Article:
Written by AJ Visser
At just two weeks old, little Ariel and her siblings joined us. The tiny kittens came from an informal settlement where, sadly, their mother had died. They urgently needed bottle-feeding as they were too young to eat on their own. Fortunately, they were healthy and strong – and really took to being bottle-fed with special kitten milk formula. The little ones came to work with me daily so that they could get their feeding every few hours.
Disaster at home
Once they were old enough – around six or seven weeks – they were ready to stay home with my housekeeper to “babysit” them. All was going well until, one afternoon, disaster struck. A handyman had come in to do a few repairs around the house. While standing on a chair to reach something, the chair broke under his weight and he crashed to the ground. Ariel was in the way and was seriously injured.
I rushed home to take her to the vet. After 24-hour observation at the vet, I was advised that she would not recover and that it would be kinder to put her to sleep. But I couldn’t do it; her eyes were full of life and she was in no pain, so I decided to give her a chance. Ariel was paralysed in her back end.
The X-ray revealed the damage
We went for physio and for over a year tried to get her walking again. We even tried aqua therapy (and you know how much cats love water) and acupuncture. I was blessed to receive donations to assist me in all these therapies, for which I’m eternally grateful.
I was saving up for an MRI when the vet suggested that an X-ray should be done first as it is less expensive. This revealed the damage, and when it was sent to a specialist, he advised that surgery would not only offer no improvement but would put her at risk of dying on the operating table.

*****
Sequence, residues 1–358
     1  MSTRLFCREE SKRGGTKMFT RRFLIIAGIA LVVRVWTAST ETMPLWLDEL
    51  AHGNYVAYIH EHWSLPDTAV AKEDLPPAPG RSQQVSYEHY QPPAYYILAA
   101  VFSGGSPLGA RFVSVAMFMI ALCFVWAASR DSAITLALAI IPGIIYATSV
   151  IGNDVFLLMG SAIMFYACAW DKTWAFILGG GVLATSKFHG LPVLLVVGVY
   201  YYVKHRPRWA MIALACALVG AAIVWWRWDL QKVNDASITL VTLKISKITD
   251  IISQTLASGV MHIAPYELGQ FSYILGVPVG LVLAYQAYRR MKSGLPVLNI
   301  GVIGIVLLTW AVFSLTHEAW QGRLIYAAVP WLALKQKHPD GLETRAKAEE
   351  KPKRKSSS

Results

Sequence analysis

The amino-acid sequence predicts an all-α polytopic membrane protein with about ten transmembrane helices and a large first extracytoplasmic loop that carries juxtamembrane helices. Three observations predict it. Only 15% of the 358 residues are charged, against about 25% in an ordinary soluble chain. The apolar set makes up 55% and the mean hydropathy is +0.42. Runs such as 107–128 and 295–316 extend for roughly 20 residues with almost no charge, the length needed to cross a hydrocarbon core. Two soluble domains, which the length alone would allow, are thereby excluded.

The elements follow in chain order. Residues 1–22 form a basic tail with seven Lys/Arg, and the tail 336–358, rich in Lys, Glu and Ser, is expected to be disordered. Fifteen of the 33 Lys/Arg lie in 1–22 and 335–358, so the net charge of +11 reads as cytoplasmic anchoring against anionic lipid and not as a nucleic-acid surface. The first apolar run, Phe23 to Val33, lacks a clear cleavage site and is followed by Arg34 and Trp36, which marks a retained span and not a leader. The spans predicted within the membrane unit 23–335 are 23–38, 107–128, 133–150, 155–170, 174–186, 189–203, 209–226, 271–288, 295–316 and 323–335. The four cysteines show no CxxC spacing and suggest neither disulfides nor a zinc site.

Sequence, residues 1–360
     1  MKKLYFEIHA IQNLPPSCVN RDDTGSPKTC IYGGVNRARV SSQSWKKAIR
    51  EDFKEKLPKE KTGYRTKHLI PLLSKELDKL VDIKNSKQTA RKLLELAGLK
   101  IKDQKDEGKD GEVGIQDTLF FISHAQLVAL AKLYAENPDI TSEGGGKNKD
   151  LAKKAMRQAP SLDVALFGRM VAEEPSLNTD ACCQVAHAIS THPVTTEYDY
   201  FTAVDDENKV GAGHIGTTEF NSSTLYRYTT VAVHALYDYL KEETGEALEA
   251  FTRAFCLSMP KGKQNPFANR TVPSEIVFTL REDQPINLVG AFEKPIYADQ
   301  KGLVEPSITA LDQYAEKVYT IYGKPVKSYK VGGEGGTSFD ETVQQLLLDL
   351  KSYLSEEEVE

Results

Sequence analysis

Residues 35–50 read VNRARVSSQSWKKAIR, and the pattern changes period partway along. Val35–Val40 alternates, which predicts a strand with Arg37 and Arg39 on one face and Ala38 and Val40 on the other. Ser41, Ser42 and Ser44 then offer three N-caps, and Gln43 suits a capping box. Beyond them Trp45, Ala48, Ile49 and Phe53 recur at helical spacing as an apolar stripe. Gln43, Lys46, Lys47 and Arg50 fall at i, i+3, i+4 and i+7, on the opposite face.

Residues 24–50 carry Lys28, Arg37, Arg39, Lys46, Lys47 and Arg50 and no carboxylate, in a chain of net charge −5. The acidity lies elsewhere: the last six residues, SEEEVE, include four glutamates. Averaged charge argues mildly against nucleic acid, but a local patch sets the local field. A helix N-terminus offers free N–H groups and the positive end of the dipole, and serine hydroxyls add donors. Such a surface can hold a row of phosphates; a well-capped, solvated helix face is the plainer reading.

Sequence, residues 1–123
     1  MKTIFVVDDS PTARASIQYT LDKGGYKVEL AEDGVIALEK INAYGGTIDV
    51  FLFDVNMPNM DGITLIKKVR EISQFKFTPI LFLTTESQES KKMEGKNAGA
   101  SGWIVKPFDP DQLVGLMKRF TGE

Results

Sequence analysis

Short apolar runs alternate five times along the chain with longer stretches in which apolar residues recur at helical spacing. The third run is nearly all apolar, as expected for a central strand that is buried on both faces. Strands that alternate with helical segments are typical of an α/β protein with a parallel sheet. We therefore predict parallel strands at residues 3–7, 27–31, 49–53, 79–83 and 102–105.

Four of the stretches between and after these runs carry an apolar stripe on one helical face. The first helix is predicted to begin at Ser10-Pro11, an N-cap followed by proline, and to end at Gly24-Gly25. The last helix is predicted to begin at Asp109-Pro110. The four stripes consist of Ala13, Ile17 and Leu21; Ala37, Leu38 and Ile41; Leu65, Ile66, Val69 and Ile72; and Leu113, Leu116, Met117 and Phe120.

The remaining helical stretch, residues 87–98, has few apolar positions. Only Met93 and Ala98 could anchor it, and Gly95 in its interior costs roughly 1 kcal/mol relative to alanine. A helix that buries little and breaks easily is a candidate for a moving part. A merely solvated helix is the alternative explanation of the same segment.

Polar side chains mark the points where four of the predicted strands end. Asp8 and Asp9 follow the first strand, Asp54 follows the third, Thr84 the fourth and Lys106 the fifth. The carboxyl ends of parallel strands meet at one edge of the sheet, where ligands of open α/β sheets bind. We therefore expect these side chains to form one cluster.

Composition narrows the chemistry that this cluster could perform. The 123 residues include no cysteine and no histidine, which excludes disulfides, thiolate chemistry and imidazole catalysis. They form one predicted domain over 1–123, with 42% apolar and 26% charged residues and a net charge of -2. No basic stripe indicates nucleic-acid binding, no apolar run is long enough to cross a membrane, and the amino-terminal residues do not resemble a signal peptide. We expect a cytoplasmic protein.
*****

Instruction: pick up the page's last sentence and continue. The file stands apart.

I then decided to let Ariel just be Ariel, a happy kitty who is not aware that she is different! She can use her front legs and gets around just fine.
Special needs kitty
Ariel is a cheerful, energetic girl but she does need extra help. Because she is unable to use a litter box, her bladder needs to be expressed two to three times a day. She also requires the occasional bath or sometimes just a “bum bath”.
She has a set of foam stairs up to my bed and blankets all around the house on the floor so she is comfortable. Ariel travels with me, especially if I’m required to stay over for the night; if Ariel is not allowed, I don’t go. She’s been to the coast on holiday and even to Tzaneen to visit a special kitty friend – Ariel is a well-travelled kitty cat.
Ariel loves to play – and outside is the best! She has a cat run with a hole knocked through to my bedroom so she can go outside when she wants to into a safe area. She is also the best moth hunter in the house. Believe it or not, Ariel climbs trees (with a little help from me) and does a lot of normal cat things. She is an inspiration with a “can do” attitude and she never gives up.
A while ago I was contacted and asked if we would be interested in attending the Breeders of Rex and Sphynx cat show. They wanted to create a section for special needs cats to create awareness to the public. It was arranged by Charnay Dean Haarhoff, who went to tremendous effort to make it happen.
Ariel, being true to her feisty cat nature, decided to hiss and spit at all the other kitties at the show… just to make sure everyone knew she was the boss. The judge had the most beautiful presence about her and Ariel really felt at ease with her. We were pleasantly surprised when Ariel was announced the winner of both the “Best special needs cat of the day” and “Special needs adult of the day” categories. It truly was an honour to be part of this event with so many beautiful kitties showing that they beat the odds!
I hope that Ariel can be an ambassador for other cats just like her, showing people that special needs cats can make incredible companions.